Mind & Body

Fake News Spreads Way Faster Than Real News Online

There's a quote that's often attributed to Mark Twain: "A lie can travel halfway around the world before the truth can get its boots on." Ironically enough, he probably never said it. But it just goes to show the adage is true, and so does a new study on fake news and social media.

Cascade of Lies

According to a 2018 study published in Science, false "news" spreads faster and more widely over social media than real news does. Soroush Vosoughi, Deb Roy, and Sinan Aral of the MIT Media Lab looked at more than 10 years of tweets from 3 million users and tracked how different kinds of stories behaved in the Twittersphere. They did so by tracking how the tweets "cascaded," or spread to other corners of the internet via retweets and replies. Afterward, they'd rank how those stories did according to six independent fact-checking organizations, including Snopes and Politifact.

According to Nature News, are two ways a tweet can cascade. If a famous celebrity with a million followers shares it, it might be retweeted by 10,000 of their fans. Or it could be shared by a person with few followers, all of whom retweet it. Then those users' followers retweet it and their followers' followers retweet it until eventually, it gets to a crowd of 10,000. The first example, where a bunch of people share one person's tweet, is called a shallow cascade. The second, where the tweet is shared via a chain of thousands, is deep. And in the battle between real news and fake news, fake news dominates both varieties.

That's right, fake news consistently reaches a bigger audience than real news, and it tunnels deeper into social networks than real news does. That's even true when you factor out the bots whose only job is to spread fake news. Real news struggled to chain together 10 retweets, while fake news could easily amass a chain of 19 in a tenth of the time. So what is it about falsehoods that makes them so darn speedy?

Brain Bait

When you factor out the bots, it becomes clear that it really is human beings that cause fake news to spread — seriously, the bots actually show less of a preference for false stories than people do. And that suggests that the problem might just be our brains. But it's not as if we seek out lies in order to spread them. Even accurate stories that function well as propaganda, like this story about Trump allowing a sick boy to fly on one of his planes, don't spread as well as false stories that can serve the same purpose. To the researchers, that suggests that something intrinsic to falsehoods makes them spread more easily.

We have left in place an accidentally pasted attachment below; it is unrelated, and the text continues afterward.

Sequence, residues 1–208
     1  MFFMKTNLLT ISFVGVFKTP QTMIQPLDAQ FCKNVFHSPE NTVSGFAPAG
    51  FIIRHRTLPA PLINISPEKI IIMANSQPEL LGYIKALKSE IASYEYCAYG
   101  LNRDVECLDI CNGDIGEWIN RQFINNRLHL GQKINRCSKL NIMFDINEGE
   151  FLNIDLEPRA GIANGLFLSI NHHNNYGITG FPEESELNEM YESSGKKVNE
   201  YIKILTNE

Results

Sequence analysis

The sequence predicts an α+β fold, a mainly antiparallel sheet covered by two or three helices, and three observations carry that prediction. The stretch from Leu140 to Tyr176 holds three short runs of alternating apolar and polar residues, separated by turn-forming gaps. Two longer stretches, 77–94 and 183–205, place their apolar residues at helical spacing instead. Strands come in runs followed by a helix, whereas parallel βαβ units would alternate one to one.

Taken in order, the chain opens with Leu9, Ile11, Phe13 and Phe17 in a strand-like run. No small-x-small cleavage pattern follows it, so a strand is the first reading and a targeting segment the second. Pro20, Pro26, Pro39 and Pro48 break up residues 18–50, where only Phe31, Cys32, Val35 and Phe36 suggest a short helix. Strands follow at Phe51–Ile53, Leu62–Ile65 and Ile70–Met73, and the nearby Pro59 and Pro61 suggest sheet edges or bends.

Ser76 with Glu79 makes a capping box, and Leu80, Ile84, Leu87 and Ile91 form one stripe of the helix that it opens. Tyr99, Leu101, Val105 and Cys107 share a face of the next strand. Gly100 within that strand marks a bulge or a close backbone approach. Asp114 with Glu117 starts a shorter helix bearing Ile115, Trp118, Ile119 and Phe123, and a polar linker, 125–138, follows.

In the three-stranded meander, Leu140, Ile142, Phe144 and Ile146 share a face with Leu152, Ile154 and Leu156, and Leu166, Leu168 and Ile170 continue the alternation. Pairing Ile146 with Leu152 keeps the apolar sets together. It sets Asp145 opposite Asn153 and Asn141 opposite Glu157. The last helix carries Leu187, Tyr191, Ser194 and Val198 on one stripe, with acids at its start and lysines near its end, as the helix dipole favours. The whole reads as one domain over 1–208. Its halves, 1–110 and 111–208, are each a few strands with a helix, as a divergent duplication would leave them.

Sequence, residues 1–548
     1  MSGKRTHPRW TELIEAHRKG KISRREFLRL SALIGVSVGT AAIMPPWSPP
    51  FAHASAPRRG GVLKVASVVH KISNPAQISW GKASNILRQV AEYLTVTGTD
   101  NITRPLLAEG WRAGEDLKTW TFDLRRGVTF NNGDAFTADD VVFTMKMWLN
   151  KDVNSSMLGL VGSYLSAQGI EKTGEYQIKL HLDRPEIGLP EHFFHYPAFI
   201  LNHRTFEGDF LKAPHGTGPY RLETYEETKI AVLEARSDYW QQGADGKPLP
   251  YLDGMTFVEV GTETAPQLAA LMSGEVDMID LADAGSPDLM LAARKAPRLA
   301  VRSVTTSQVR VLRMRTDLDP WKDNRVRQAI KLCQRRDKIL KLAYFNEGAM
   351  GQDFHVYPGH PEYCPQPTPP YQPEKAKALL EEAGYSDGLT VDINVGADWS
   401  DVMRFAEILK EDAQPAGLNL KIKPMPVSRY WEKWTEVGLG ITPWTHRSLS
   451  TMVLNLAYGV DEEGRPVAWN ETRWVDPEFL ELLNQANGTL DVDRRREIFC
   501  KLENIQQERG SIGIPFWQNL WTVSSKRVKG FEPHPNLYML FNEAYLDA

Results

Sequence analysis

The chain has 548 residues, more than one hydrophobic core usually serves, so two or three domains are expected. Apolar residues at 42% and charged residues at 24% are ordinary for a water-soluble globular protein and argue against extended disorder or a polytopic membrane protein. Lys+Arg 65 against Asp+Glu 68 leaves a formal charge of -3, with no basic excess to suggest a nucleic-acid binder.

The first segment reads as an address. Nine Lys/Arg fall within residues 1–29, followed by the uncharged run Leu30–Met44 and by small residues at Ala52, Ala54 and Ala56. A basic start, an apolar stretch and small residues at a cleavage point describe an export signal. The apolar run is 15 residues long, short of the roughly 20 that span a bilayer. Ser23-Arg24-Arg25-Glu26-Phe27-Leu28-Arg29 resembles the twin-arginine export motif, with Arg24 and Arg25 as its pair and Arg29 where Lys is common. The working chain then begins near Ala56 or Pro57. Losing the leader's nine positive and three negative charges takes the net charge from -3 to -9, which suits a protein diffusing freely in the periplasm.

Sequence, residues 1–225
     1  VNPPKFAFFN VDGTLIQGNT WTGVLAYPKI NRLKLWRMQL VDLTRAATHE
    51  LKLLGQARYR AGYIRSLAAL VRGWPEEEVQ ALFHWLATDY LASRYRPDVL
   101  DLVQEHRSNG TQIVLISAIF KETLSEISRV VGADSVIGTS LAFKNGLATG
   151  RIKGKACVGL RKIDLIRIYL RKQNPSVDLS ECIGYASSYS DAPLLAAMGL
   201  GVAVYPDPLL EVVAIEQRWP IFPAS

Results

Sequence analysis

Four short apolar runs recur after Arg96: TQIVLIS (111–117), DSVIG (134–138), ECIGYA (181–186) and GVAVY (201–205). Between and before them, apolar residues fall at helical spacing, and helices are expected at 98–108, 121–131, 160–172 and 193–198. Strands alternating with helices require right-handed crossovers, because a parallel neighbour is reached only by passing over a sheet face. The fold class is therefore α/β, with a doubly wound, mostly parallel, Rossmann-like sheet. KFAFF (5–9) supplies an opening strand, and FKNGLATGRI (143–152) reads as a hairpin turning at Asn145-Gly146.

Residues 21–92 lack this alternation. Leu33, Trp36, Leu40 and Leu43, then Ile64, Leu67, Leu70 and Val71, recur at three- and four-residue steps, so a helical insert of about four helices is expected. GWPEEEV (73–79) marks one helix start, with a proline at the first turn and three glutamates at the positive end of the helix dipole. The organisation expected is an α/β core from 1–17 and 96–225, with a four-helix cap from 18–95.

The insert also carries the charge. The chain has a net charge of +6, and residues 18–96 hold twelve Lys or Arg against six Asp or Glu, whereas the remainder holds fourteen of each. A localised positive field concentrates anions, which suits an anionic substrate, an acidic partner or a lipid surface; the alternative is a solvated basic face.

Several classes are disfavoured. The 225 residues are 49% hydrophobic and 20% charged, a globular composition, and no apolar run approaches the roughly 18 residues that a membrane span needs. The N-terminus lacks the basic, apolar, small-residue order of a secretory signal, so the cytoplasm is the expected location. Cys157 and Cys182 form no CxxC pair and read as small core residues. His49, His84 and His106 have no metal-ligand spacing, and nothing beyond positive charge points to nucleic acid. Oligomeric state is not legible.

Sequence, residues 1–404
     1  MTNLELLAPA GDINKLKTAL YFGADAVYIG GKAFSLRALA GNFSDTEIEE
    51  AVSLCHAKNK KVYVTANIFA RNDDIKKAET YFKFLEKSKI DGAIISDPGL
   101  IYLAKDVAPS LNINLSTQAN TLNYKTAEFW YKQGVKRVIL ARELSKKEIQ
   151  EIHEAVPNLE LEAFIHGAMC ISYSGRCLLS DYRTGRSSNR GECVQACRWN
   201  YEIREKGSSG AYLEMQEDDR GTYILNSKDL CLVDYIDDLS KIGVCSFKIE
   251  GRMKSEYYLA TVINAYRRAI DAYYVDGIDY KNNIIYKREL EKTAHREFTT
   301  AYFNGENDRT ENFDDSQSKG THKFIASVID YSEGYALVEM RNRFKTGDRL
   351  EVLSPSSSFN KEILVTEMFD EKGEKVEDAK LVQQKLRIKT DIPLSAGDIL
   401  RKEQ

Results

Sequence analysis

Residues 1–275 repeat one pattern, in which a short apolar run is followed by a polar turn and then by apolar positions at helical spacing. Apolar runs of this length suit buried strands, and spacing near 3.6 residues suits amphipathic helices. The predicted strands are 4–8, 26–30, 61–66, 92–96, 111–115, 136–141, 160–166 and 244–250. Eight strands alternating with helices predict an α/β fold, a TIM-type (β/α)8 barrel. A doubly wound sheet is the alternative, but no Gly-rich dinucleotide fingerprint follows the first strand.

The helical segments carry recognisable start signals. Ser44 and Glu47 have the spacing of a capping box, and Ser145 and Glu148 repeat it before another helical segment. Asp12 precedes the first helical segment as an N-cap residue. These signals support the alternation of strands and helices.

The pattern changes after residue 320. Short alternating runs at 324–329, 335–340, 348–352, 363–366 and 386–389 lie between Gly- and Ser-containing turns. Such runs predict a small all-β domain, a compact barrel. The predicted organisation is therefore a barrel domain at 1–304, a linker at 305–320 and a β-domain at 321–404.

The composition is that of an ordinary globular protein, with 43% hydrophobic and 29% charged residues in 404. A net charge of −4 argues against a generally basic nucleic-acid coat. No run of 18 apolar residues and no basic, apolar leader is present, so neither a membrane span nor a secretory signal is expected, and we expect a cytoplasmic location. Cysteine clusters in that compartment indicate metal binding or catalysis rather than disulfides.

It basically comes down to two things: novelty and emotional charge. Accurate news tended to inspire sadness, joy, or trust, while fake news inspired feelings of anger, disgust, and fear. Those charged negative emotions? They spread like wildfire. And when you aren't constrained by the truth, you can make your headline as out-there as you can get away with — and that's a recipe for clickbait.

The good news is that other studies have found that an overwhelming majority of people get their news from legitimate sources, according to Nature News. It's also important to recognize that this study only tracks how headlines spread, not how trusted they are. After all, the retweeters might just be laughing at the tinfoil hat-wearing corners of the internet.

To arm yourself against misinformation, check out "The Truth Matters: A Citizen's Guide to Separating Facts from Lies and Stopping Fake News in Its Tracks" by New York Times bestselling author Bruce Bartlett. We handpick reading recommendations we think you may like. If you choose to make a purchase through that link, Curiosity will get a share of the sale.

How To Know If You're Getting Fake News

Written by Reuben Westmaas March 30, 2018

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